A truly memorable performance of Mahler and Poulenc from Rattle, the BBC Singers and the LSO

United KingdomUnited Kingdom Mahler, Poulenc – LSO’s Song of the Night: BBC Singers, London Symphony Orchestra / Sir Simon Rattle (conductor). Barbican Hall, London, 23.4.2023. (CC)

The London Symphony Orchestra conducted by Sir Simon Rattle © Mark Allan

Mahler – Symphony No.7 in E minor (1904/05)

PoulencFigure humaine, FP 120 (1943/44)

A programme change, adding a piece to Mahler’s mighty Seventh Symphony, and not one but two speeches from Sir Simon Rattle. This can mean only one thing – he’s on the war path. The extra piece was Poulenc’s Figure humaine (as Rattle pointed out, Mahler did perform the Seventh with a shorter piece in a second part to the concert, allowing for something of a wind-down); the performers the BBC Singers, in the spotlight recently because of the governments ‘swingeing’ (Rattle’s word) cuts. Rattle did not bold back (his speech has been widely circulated) – and he is, of course, right.

But before the BBC Singers, Mahler’s mighty, and somewhat puzzling, Seventh Symphony. It has always been one of the least played of the Mahler symphonies. The finale is difficult and can sounds relentlessly bombastic. Michael White’s programme note for the Seventh reminded us that one movement will always, for listeners of a certain age (me included), be welded to an image of an oil drop slowly moving down an oil can in an advert for Castrol GTX.

But what a piece it is. I am sure I was not alone in the hall to have heard this live last time in September 2022, when Kirill Petrenko conducted Rattle’s old band the Berliner Philharmoniker, at the Proms (review click here). That was a barnstorming, all-encompassing performance. Rattle here at the Barbican, conducting from memory (quite an achievement in this piece!), clearly inspired the London Symphony Orchestra to the apex of their form. Principal horn Timothy Jones put not a foot wrong all night, wind solos were superb across the board (lovely to see a proper woodwind bells up too); while Peter Moore was the finest of solo trombonists. Only, perhaps, the violin solos of guest leader José Blumenschein failed to impress fully, not quite echt-Mahlerian, not quite fully involved. Rattle’s ear for detail is astonishing, but most importantly of all this was no Rolls Royce super-orchestra reading. The jerky moments Mahler injects were really quite disturbing, the grotesque ones perhaps even more so.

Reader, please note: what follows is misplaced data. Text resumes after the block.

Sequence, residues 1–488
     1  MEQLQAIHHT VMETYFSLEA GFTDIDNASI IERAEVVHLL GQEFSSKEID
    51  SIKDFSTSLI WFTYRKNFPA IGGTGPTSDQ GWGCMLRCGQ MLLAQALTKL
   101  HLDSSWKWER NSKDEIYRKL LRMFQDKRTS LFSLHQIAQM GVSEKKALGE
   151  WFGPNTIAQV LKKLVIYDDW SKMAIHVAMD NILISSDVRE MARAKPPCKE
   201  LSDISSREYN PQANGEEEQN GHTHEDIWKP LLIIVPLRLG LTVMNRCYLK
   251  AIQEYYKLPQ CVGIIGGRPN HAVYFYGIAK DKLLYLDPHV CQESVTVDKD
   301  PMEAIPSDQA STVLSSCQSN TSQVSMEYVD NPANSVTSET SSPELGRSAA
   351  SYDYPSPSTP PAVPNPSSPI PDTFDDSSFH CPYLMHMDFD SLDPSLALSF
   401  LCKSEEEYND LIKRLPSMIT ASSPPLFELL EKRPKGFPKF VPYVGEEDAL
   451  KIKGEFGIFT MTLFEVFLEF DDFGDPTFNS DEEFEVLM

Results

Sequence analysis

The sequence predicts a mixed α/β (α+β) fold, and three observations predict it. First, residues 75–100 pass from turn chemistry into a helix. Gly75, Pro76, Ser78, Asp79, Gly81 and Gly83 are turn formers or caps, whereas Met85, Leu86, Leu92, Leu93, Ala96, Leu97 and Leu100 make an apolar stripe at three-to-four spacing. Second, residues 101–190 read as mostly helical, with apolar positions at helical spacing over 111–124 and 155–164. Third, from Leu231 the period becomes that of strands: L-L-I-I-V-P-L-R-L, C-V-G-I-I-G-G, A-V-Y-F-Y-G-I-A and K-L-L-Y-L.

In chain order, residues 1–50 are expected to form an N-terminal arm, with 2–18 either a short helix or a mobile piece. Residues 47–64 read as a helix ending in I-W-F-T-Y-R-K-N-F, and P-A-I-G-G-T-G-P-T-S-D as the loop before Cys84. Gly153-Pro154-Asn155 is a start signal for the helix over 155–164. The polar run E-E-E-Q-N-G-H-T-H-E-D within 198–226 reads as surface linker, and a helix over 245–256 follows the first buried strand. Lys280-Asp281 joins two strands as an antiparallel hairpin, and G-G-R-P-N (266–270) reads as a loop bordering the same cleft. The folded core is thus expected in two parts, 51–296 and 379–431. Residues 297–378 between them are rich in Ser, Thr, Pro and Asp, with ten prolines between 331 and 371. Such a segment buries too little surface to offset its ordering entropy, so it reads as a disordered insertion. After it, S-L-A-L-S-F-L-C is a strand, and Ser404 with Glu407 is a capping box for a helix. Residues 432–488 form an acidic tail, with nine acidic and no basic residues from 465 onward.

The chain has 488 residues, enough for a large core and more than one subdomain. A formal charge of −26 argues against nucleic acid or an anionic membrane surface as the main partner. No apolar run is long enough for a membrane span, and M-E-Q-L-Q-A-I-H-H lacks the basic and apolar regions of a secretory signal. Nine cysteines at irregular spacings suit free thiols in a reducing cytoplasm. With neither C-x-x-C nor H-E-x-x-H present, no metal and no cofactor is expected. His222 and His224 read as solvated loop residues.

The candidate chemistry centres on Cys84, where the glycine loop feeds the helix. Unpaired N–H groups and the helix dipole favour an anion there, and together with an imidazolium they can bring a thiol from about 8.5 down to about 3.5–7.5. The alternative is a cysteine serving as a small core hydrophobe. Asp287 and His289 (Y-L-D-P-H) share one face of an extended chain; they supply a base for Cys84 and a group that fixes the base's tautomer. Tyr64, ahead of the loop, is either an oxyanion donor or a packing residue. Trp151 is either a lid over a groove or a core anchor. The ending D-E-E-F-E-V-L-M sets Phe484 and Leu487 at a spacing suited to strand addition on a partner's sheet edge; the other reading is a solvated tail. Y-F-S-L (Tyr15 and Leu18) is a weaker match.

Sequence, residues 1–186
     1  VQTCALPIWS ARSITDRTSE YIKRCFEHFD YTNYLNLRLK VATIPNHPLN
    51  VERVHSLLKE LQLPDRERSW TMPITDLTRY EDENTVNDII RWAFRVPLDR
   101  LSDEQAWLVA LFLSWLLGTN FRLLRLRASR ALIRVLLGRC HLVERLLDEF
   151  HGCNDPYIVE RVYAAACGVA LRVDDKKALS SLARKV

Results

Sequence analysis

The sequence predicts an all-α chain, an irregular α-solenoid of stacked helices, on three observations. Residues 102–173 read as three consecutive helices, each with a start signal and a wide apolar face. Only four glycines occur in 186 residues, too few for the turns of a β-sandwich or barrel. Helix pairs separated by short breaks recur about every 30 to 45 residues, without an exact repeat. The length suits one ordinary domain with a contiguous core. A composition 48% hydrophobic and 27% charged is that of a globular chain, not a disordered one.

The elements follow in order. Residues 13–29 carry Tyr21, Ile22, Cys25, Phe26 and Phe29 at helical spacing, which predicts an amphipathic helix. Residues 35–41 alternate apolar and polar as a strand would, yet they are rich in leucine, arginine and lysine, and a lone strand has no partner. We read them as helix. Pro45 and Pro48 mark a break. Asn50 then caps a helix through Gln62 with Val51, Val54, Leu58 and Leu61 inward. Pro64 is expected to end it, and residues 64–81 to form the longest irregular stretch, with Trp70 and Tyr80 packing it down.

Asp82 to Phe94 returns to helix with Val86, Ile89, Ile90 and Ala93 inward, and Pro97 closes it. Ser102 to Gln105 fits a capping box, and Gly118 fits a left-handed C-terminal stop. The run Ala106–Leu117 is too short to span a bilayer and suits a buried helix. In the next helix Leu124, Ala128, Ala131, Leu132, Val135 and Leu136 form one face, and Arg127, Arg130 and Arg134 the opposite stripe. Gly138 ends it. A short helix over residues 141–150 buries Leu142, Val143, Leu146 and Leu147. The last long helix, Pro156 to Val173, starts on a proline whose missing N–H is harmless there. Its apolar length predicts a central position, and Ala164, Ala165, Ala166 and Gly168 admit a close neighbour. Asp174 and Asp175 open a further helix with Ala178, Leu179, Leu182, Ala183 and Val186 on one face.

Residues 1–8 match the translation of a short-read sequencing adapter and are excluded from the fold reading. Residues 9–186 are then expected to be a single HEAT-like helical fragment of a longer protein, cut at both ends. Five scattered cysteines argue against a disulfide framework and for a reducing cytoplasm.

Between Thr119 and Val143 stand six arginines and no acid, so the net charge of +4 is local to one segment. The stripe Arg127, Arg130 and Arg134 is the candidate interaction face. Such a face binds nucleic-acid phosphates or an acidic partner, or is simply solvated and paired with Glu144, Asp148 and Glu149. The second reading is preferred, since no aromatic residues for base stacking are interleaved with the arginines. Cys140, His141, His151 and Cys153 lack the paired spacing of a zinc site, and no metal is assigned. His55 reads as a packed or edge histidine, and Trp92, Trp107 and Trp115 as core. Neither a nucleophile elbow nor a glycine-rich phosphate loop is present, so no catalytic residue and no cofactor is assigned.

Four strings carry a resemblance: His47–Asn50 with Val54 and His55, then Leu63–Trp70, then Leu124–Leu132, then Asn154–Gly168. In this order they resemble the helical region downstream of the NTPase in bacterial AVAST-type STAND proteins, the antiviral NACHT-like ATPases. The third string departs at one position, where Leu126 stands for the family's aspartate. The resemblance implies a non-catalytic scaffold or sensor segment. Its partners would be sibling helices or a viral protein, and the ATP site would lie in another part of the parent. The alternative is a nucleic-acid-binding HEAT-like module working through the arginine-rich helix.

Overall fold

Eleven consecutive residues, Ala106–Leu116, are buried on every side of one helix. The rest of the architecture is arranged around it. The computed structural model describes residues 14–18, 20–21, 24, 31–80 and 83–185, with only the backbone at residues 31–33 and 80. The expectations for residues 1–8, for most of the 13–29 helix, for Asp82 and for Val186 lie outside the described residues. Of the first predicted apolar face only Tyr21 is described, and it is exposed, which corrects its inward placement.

Two ‘Nachtmusik’ movements frame the central Scherzo (there are five movements). Interesting that Rattle asked for a staccato dotted-quaver in the opening horn solo, a remarkable gesture that completely reframed the theme into something not just shadowy but also nightmarish; both Timothy Jones statements and the ‘echoes’ courtesy of Olivia Gandee were superb. Contrasts in this movement were near-hallucinogenic, veering at one point towards a phantasmagorical, distorted fairy tale – Grimm through a fairground mirror, perhaps? The Scherzo only acted as a prolongation of this netherworld – one almost forgot about the LSO’s consummate virtuosity, so entrancing the journey. A word here for the solo viola contributions from Jane Atkins – quite simply some of the finest viola playing I have ever heard, brilliantly projected, perfectly  in tune and perfectly, too, of Mahler.